As with all things related to the first generation of Pokemon, these rankings are a little weird. Dragon comfortably wins the top spot, while Psychic, the comically overpowered type in these games, only comes in second, closely followed by Rock, of all things. Bug and Fighting, which were both (in)famously bad types in Generation 1, round out the top 5. Normal, which contended with Psychic as being the best type in practice in these games, is nowhere to be found, as it along with Ghost, Fire, Grass, and Poison all tied with the worst possible score of 0.
Both Dragon and Psychic only have one bad matchup each (Ice and Bug, respectively), but Dragon has more winning matchups, giving it an edge for first place.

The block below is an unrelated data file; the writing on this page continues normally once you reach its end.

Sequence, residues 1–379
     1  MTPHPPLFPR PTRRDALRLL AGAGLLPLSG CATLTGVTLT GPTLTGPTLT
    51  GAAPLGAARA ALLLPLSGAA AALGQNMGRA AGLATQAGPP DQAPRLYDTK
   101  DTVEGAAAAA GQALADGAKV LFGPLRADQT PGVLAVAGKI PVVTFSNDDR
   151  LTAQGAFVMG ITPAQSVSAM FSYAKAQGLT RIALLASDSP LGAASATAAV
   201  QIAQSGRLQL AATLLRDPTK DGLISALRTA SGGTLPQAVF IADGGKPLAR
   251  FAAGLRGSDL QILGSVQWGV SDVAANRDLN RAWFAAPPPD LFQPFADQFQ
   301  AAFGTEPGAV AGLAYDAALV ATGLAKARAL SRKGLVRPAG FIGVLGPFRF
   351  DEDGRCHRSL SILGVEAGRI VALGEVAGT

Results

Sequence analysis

Bug and Ice thus have indispensable roles by being the only types with winning matchups against the top two types. Rock benefits massively by winning against Ice and Bug, meaning that it covers the only weaknesses of both Dragon and Psychic. Both Fighting and Water have winning matchups against Rock and Ice, but Fighting edges out Water because it loses to the second place type Psychic, whereas Water loses to the first place type Dragon. This highlights an important feature of this way of measuring game balance — being the only counter to a strong choice gives something a decent score, no matter how bad its other matchups are. Generation 1 of Pokemon is perfect for demonstrating this point, as it has two examples of this phenomenon, with the frail Ice countering Dragon and the weak Bug countering Psychic. It also illustrates a design feature of the Generation 1 type balance, where the strongest types (those with many winning matchups) were countered by very weak types (those with many losing matchups). This is a common feature of many strategy games; for instance, my beloved Age of Empires 2 has Pikeman, which are bad against the vast majority of units, counter Knights, which are good against almost everything that isn’t a Pikeman. If executed well, this allow for stronger and weaker types while still giving the weaker types valuable niches.